Colorado pro-labor groups to submit ballot petitions

The deadline to submit petitions to put an initiative on the 2008 state ballot is approaching, and union-friendly groups are starting to turn in signatures for their proposals, making a full-fledged political brawl between business and labor interests seem almost inevitable this election season.


Protect Colorado’s Future, a campaign supported by unions and other advocacy groups, announced today that it will be submitting signatures to the secretary of state’s office to approve a corporate crime measure that would hold executives criminally liable for companies that break the law.

The group is also planning to turn in signatures on Thursday for another initiative that would require employers to provide just cause for firing certain employees.

A campaign by the local United Food and Commercial Workers union is also expected to turn in signatures next week for two ballot proposals. One would give employees injured on the job stronger legal rights against their employers, and the other would require companies with more than 20 employees to provide health-care coverage.


All three measures result from an attempt by certain business interests in the state to restrict the way unions organize, through Amendment 47, a proposal that has been approved for the ballot and would make it illegal for labor unions to negotiate agreements to collect dues or agency fees from nonmember employees who receive union-negotiated benefits in the workplace.


Under federal law, no employee is required to join a union, but Amendment 47 has already succeeded in provoking a number of countermeasures from labor, including the four initiatives that will soon be submitted for state approval.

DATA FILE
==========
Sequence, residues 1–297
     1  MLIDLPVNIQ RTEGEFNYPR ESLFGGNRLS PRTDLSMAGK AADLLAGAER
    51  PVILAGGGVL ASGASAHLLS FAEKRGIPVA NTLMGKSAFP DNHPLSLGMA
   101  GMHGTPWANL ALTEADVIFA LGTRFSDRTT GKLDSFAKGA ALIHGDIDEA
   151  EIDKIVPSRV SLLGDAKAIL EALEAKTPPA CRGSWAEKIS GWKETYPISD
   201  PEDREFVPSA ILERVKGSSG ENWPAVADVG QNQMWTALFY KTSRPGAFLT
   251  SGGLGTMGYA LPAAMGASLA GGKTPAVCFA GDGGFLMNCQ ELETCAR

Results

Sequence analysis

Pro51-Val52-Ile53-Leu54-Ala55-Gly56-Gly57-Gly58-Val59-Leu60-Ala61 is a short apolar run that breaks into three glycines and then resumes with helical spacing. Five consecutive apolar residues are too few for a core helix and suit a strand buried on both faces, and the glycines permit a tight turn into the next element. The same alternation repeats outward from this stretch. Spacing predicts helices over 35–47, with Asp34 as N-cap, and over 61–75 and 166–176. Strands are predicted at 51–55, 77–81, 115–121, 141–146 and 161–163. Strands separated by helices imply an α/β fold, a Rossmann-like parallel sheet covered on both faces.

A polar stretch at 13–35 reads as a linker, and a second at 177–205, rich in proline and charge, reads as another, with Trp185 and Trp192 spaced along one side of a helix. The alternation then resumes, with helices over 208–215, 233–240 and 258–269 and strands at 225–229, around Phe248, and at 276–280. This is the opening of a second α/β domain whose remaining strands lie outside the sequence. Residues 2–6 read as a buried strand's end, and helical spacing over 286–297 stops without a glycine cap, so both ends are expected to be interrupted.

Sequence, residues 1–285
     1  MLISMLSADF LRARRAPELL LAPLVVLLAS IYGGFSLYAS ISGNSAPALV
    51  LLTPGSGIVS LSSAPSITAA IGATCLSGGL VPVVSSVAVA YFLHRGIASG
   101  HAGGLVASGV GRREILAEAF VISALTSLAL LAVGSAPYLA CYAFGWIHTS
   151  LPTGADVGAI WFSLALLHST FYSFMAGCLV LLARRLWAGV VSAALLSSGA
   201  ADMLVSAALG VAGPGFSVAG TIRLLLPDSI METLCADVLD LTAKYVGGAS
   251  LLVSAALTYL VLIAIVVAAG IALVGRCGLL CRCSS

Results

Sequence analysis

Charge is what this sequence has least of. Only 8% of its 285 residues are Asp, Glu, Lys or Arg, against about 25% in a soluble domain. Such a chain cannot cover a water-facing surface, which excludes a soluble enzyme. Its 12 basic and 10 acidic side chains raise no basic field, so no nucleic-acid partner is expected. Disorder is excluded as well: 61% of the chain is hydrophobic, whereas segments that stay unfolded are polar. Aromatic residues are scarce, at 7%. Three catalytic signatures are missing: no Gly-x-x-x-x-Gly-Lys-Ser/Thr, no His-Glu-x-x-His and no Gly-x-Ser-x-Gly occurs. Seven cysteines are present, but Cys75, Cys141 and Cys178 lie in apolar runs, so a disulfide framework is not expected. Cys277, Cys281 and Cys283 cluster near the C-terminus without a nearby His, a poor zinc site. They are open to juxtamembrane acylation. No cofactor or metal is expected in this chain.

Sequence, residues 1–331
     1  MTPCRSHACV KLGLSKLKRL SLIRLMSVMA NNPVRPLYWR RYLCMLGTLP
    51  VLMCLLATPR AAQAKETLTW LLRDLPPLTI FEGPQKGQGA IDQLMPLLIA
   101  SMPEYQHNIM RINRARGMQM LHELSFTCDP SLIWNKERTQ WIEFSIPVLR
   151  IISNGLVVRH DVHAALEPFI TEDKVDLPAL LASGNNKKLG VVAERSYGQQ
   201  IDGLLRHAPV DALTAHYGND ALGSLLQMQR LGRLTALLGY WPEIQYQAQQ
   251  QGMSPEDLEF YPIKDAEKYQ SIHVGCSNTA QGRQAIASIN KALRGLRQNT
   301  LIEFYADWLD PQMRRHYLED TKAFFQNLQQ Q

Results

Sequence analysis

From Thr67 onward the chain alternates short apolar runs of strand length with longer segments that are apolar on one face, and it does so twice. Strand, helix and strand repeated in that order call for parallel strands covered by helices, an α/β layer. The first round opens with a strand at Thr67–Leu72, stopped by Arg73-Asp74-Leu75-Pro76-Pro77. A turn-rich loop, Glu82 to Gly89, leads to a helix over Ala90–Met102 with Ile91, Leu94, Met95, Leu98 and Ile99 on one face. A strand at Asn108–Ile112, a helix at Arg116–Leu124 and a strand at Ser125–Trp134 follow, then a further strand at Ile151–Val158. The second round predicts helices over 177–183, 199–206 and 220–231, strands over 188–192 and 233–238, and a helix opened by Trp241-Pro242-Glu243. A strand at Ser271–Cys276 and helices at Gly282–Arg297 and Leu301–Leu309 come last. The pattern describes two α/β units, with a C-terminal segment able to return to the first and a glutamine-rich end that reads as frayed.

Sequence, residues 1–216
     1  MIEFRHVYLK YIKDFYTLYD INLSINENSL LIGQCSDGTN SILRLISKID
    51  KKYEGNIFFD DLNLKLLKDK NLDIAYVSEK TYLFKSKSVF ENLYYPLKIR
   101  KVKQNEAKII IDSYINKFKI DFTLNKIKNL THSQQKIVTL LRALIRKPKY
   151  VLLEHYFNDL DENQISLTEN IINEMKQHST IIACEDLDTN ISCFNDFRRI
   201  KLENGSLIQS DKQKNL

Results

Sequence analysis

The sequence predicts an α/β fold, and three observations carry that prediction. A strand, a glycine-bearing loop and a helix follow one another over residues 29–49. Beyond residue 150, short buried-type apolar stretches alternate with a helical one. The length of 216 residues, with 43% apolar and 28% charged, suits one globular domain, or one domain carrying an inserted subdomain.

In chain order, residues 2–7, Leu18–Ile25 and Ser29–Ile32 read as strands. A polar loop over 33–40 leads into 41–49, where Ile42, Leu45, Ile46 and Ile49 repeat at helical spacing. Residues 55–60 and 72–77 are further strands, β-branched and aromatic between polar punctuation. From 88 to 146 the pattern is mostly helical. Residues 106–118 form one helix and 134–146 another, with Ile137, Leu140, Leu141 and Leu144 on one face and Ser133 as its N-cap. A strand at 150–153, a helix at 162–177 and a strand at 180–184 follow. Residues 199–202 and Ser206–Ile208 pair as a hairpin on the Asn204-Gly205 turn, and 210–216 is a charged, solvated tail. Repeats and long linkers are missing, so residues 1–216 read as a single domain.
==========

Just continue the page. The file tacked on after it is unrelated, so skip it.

Another measure targeting unions was also certified for the ballot on Thursday. The proposal, Amendment 49, would bar automatic union dues deductions from public employee payrolls.


The deadline to turn in petition signatures is Aug. 4.

Read our continuing coverage on the dueling Colorado labor ballot initiatives from right-to-work and worker advocacy groups.

Erin Rosa was born in Spain and raised in Colorado Springs. She is a freelance writer currently living in Denver. Rosa's work has been featured in a variety of news outlets including the Huffington Post, Democracy Now!, and the Rocky Mountain Chronicle, an alternative-weekly in Northern Colorado where she worked as a columnist covering the state legislature. Rosa has received awards from the Society of Professional Journalists for her reporting on lobbying and woman's health issues. She was also tapped with a rare honorable mention award by the Newspaper Guild-CWA's David S. Barr Award in 2008--only the second such honor conferred in its nine-year history--for her investigative series covering the federal government's Supermax prison in the state. Rosa covers the labor community, corrections, immigration and government transparency matters. She can be reached at erosa@www.coloradoindependent.com.

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